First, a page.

Open Door Mission’s food donations down amid inflation

Changes to services follow
With inflation, it's getting harder to get into the spirit of giving. Unfortunately, our local shelters are feeling the pinch.
Published: Oct. 27, 2022 at 4:48 PM CDT
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OMAHA, Neb. (WOWT) - With inflation, it’s getting harder to get into the spirit of giving. Unfortunately, local shelters are feeling it too. And with donations down, changes must be made.

“We are really concerned about the food crisis in our community,” said Candace Gregory, president of Open Door Mission.

Open Door Mission adjusted its holiday services in response to a decrease in donations that the president believes is being brought on by inflation.

“When you don’t have those donations, you have to re-evaluate everything you offer,” said Gregory.

The shelter offers Thanksgiving and Christmas programming to feed those in need. Both to-go bags of food and on-campus dinners.

This year, they’re limiting how many people they serve and the hours they do so.

Last year anyone 18 and younger got Christmas food. This year it’s just 12 and under.

“92% of our food is donated, but our donations are down by 10%,” she said. “We just feel that we will not have the donations to actually expand into the teenage years.”

But even in these hard times, some families still find it in their hearts and wallets to donate food, like the Larsen’s.

“Most people know when they’re being called to do something. It’s really just a matter of responding to that, actually doing it,” said Bill Larsen.

Chris Larsen, his wife, was walking in Costco when she heard that calling, a calling of the tomato variety.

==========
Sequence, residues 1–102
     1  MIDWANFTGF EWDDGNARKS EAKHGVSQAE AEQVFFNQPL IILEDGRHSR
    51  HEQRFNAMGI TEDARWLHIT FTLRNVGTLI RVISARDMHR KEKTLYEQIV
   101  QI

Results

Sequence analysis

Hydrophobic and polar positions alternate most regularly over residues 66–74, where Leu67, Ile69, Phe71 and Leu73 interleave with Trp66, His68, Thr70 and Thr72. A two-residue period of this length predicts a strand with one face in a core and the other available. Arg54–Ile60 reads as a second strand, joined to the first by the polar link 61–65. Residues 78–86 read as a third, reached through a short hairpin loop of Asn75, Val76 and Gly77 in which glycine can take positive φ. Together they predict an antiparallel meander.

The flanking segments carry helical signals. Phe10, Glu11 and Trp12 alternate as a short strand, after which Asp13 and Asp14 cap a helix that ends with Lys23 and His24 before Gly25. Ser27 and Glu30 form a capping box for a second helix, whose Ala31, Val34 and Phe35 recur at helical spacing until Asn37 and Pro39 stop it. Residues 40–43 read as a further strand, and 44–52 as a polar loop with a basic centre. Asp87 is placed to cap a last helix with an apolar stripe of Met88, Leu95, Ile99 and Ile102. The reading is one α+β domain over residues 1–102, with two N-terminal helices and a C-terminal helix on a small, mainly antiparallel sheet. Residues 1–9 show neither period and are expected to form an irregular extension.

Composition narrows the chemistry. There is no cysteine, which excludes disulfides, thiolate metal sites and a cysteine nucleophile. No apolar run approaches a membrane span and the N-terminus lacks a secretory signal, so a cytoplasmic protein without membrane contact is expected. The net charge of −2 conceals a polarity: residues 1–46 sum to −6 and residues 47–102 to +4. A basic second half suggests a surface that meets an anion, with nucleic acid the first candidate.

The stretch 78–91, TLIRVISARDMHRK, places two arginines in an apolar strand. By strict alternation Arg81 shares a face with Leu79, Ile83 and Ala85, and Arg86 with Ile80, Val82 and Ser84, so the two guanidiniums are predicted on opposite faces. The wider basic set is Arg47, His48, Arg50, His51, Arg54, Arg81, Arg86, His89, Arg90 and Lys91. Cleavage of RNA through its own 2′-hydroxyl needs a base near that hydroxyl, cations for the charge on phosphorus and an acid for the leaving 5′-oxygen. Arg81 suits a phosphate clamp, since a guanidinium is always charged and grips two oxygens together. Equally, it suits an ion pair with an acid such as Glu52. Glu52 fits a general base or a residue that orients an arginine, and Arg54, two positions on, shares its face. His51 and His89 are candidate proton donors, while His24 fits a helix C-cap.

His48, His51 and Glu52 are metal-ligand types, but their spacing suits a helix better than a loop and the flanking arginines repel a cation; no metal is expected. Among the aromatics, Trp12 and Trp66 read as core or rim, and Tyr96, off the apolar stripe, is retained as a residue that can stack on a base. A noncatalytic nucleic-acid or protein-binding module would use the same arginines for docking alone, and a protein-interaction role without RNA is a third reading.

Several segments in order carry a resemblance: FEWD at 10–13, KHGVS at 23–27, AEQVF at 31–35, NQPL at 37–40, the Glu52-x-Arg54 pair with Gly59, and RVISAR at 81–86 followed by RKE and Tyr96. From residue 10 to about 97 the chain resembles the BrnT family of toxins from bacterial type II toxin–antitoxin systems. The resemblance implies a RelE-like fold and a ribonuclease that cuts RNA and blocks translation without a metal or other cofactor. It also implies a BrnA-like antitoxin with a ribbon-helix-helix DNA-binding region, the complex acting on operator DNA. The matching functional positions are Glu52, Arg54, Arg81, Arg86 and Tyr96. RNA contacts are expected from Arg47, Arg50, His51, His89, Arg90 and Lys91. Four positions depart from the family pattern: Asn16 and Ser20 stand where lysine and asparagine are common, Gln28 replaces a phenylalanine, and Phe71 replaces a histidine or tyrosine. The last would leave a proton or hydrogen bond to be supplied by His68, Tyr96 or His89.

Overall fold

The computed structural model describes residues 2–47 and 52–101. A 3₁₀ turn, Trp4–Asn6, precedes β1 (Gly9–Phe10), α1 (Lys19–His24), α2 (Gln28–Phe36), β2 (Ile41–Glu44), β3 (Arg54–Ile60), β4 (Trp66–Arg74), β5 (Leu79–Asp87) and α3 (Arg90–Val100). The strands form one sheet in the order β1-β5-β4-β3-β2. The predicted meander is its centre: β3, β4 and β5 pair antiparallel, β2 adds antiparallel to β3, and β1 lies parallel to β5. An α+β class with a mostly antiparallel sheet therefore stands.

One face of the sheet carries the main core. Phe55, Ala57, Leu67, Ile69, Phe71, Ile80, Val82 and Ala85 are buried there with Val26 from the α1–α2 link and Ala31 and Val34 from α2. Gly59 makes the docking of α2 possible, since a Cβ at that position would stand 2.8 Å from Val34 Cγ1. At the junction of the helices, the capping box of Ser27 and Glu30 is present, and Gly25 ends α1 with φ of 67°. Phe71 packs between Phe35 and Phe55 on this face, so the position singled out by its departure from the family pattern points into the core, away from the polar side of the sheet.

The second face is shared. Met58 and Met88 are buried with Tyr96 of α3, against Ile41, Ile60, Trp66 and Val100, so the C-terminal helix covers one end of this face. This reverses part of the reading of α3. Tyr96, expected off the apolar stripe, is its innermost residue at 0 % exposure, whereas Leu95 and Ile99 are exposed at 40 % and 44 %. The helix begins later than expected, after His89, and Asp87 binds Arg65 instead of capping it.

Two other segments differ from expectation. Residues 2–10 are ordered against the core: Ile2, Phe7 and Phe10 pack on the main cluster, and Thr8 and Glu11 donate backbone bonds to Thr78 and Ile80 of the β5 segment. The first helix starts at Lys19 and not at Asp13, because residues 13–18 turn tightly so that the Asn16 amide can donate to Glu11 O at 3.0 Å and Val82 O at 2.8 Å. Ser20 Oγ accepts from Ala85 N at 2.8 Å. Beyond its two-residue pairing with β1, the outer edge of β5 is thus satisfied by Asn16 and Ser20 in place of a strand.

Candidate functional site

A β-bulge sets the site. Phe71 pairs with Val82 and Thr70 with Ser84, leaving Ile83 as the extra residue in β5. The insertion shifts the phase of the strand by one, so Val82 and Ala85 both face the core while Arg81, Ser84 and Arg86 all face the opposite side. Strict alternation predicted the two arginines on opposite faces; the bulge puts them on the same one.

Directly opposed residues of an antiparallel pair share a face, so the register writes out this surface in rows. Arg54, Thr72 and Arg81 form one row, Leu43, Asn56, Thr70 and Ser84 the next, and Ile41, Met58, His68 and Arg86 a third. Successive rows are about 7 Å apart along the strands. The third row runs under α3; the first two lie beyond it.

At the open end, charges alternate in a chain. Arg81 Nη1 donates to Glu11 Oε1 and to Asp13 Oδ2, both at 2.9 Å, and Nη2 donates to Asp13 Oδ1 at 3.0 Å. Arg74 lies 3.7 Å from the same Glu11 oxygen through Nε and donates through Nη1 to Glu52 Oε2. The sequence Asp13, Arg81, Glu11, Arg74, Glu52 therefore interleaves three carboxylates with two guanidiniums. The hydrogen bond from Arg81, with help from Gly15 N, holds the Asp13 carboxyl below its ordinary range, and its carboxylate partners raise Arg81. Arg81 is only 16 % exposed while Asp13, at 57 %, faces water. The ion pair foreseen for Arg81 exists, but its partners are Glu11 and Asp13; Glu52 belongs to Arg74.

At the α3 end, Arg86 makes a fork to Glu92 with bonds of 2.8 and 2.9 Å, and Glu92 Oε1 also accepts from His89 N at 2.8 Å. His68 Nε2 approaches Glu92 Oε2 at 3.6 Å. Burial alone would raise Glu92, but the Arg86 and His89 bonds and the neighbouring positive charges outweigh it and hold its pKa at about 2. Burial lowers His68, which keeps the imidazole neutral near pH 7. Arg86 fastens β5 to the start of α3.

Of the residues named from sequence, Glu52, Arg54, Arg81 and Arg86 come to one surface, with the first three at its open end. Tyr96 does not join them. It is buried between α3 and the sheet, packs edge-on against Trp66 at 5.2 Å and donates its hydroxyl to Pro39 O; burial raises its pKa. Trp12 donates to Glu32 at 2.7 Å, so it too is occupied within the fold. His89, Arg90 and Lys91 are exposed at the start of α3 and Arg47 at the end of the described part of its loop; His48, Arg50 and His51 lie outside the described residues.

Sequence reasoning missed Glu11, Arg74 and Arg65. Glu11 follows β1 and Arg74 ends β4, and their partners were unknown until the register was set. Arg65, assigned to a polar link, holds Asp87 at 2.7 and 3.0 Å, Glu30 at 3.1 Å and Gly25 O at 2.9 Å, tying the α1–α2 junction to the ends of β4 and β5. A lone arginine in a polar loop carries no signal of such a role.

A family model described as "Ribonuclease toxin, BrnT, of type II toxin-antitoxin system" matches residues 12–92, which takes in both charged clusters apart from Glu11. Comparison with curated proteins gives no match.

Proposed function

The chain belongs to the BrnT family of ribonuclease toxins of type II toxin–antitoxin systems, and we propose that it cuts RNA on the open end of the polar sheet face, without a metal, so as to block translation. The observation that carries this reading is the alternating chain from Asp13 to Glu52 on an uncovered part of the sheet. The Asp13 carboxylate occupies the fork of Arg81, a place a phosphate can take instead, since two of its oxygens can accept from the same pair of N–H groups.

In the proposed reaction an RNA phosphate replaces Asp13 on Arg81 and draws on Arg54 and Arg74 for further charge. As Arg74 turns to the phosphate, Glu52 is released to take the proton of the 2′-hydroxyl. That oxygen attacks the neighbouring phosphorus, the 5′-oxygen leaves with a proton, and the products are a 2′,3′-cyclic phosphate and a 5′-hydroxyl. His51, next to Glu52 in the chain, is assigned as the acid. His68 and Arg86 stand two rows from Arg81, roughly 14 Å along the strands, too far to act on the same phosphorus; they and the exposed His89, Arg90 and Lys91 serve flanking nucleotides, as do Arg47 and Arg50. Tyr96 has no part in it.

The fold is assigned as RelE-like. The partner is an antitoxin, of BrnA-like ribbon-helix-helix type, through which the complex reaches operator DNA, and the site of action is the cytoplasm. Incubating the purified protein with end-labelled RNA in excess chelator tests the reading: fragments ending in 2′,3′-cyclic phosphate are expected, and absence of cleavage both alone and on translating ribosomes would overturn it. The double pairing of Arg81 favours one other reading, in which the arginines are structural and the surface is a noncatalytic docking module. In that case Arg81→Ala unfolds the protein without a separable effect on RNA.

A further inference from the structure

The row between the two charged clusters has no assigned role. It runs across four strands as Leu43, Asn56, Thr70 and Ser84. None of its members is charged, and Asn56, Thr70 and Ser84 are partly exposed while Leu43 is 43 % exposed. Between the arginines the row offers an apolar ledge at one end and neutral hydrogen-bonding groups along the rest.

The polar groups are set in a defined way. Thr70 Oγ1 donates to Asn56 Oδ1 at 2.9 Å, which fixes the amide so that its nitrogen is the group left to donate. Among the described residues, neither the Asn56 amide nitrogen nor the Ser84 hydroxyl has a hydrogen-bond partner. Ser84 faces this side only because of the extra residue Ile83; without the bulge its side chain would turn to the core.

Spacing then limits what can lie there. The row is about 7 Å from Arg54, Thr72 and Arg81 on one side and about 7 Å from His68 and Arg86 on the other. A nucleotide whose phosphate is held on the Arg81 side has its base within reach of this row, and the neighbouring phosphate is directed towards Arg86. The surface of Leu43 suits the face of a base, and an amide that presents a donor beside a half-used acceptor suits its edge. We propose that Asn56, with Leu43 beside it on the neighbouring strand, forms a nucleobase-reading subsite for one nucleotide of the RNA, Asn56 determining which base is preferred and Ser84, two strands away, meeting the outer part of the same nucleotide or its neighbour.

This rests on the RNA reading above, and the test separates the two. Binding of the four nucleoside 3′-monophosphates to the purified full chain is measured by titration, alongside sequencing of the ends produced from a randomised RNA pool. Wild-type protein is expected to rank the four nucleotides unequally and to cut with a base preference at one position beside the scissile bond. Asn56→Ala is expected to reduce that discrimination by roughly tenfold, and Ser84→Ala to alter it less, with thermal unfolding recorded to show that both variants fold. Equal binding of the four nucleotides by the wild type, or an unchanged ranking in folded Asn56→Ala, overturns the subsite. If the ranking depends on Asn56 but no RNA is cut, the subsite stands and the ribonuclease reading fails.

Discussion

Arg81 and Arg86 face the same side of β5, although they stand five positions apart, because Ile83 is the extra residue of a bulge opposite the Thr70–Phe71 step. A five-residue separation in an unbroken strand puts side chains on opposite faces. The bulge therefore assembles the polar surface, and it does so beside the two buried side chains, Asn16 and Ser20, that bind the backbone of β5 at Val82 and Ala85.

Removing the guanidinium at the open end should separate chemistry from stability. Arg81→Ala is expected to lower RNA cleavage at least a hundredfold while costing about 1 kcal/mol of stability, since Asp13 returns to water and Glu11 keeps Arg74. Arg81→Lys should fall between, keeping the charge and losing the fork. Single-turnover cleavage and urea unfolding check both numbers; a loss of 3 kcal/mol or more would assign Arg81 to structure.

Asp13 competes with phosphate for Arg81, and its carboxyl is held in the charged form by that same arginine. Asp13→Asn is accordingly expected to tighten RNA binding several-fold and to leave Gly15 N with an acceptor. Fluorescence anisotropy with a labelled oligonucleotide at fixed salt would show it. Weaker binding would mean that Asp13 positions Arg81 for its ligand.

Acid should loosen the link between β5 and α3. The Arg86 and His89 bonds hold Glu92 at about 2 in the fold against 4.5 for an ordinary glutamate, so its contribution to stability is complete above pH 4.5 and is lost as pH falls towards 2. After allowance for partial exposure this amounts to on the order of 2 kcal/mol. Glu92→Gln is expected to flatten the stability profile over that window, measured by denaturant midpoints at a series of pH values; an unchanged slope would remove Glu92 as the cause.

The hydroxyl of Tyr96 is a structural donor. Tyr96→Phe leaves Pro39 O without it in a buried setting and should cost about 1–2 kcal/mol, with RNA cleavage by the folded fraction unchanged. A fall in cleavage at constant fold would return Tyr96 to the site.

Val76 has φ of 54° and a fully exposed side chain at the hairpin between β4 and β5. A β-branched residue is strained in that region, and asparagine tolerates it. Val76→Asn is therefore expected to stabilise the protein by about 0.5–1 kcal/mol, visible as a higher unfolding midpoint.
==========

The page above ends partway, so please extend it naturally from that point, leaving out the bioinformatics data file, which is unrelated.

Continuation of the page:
“She just happened to go down that aisle and saw that they were $1.97, regularly $9. And said, ‘Hey Bill, what do you think? Can Open Door Mission use that? I think they can,’” said Bill Larsen.

They bought and delivered 600 pounds of tomatoes. That’ll go a long way for Open Door’s holiday preparations. But they need more generous donations like the Larsen’s.

“People usually give from their discretional income. And my concern as a leader is I think there’s going to be less discretionary income available for individuals and families as they actually pay for their basic needs,” said Gregory.

“Anyone who feels the nudge or feels the urge to go out and donate food, please follow that and give to other people. The need is there,” said Chris Larsen.

There’s still time to donate for the holidays.

The Open Door Mission welcomes all forms of donations, monetary and food donations. You can drop them off at one of their three locations in Timberlake, Elkhorn, and Council Bluffs.

If a donation isn’t possible, the organization is always looking for a helping hand.